Krav Maga
    Beat me to it!
    Don't worry, man, someday I'ma be nobody too.
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    Ha! Thanks for the advice. I am eating pretty clean and trying to get down to 225 while retaining that old powerlifting muscle. I am training with some buddies for the Warrior Dash in October - we are representing Special Ops Survivors. Have a Navy seal traing us old dudes tomorrow with a log, I am a bit terrified. Anyway, I am kind of reinventing myself and have always wanted to learn a martial art. I think, based on the advice I have reieved, that I will start with Muay Thai. Glad I found this board.
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    good luck!
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    Quote Originally Posted by farkwad View Post
    Ha! Thanks for the advice. I am eating pretty clean and trying to get down to 225 while retaining that old powerlifting muscle. I am training with some buddies for the Warrior Dash in October - we are representing Special Ops Survivors. Have a Navy seal traing us old dudes tomorrow with a log, I am a bit terrified. Anyway, I am kind of reinventing myself and have always wanted to learn a martial art. I think, based on the advice I have reieved, that I will start with Muay Thai. Glad I found this board.
    I fought as a professional kick boxer for 10 years, lived in Thailand and fought before Muay Thai became a household name. "True" Thai boxing is brutal and I would never recommend it for anyone your age. It's way too hard on the joints and in all honesty, it's a tough sport to master. The American version is like Thai food in America; toned down to suit our bland taste buds. I also have a 3rd degree black belt in Shorin Ryu, Shorinkan, which is basically worthless unless you progress into a more realistic martial environment.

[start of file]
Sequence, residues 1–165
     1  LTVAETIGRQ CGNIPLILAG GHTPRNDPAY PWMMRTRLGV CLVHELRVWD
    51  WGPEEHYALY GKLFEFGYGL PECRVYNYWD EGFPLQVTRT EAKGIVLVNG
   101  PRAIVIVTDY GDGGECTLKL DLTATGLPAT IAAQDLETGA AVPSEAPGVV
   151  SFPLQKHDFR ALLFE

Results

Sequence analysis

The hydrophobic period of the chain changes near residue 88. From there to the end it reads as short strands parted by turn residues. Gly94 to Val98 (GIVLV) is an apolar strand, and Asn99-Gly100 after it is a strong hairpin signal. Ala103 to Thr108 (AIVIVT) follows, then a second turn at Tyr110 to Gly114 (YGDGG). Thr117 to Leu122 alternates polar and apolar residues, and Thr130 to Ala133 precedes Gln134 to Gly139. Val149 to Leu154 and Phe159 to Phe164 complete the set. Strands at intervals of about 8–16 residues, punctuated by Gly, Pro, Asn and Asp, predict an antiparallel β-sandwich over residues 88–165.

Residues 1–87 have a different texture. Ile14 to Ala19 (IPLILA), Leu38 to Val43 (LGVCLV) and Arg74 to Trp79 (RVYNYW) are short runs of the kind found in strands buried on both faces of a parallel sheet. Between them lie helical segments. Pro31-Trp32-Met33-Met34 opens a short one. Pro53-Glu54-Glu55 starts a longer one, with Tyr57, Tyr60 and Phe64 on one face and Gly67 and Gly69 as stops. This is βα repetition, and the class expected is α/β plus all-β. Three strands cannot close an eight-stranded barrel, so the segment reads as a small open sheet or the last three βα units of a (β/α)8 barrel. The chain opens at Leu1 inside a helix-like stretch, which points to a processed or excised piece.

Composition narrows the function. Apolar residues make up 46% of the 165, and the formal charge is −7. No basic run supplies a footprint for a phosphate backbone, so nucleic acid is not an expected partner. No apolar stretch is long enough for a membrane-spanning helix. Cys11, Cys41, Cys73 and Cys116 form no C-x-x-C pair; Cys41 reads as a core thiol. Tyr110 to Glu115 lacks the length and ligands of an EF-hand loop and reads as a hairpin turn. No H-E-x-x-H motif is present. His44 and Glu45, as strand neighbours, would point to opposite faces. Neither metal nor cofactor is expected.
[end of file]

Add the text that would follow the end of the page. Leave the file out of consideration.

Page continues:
I would find a good MMA studio, which is easier said than done. Considering your size, you may want to try regular boxing. I boxed while taking karate because I wanted to know how my hands compared to that of a boxer and I learned a lot. Boxing is exhausting (great cardio) and no false sense of skill, as in karate.
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    Quote Originally Posted by JonRubio View Post
    I did northern shaolin eagle claw (kung fu), wushu, muy thai and some BJJ.
    If your looking in for more of the art, I'd go with Kung Fu or wushu.
    If your looking for more of a contact sport, go with muy thai.
    And if your looking for more of a all around defense program, I'd go with BJJ.
    I was active when Chuck Norris was still in competition and there was a no contact rule in karate tournaments. Funny how Chuck left the sport when it became full contact. Very, very few made the transition from karate champion to full contact champion. I think of Monster Man Eddie, a terror in no contact, but a glass jaw in full contact. He lost every fight in full contact. Benny Urquidez made the transition and was a very good full contact fighter. He's one of the very few.

    When I lived in Thailand, it was a yearly tradition for the Chinese to pit their top kung-fu masters against the Thai boxers. No eye gouges, but the kung fu master could go bare handed, while the Thai boxers always wore gloves. The Thai boxers were never defeated.

    When Bruce Lee hit the scene, there were kung fu schools popping up all over the place and none were worth a d amn. Same as BJJ. When whatshisname from Brazil won the initial UFC fights, everyone started to open up schools and teach BJJ, with no decent training in the art.

    So I agree that if you had the proper instruction, your list is pretty accurate, but finding proper instruction is harder to find than Cheque drops. Boxing is pretty straight forward; it's either producing champions or it's not.